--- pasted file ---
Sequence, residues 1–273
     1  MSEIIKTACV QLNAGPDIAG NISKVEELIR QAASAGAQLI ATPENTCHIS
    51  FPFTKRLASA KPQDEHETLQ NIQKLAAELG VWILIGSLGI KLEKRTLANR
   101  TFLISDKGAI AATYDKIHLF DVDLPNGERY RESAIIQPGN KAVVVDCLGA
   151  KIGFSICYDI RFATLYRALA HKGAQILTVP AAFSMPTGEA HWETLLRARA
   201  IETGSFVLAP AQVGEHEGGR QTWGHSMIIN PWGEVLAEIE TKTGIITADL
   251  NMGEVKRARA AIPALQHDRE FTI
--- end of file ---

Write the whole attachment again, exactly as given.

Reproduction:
Sequence, residues 1–273
     1  MSEIIKTACV QLNAGPDIAG NISKVEELIR QAASAGAQLI ATPENTCHIS
    51  FPFTKRLASA KPQDEHETLQ NIQKLAAELG VWILIGSLGI KLEKRTLANR
   101  TFLISDKGAI AATYDKIHLF DVDLPNGERY RESAIIQPGN KAVVVDCLGA
   151  KIGFSICYDI RFATLYRALA HKGAQILTVP AAFSMPTGEA HWETLLRARA
   201  IETGSFVLAP AQVGEHEGGR QTWGHSMIIN PWGEVLAEIE TKTGIITADL
   251  NMGEVKRARA AIPALQHDRE FTI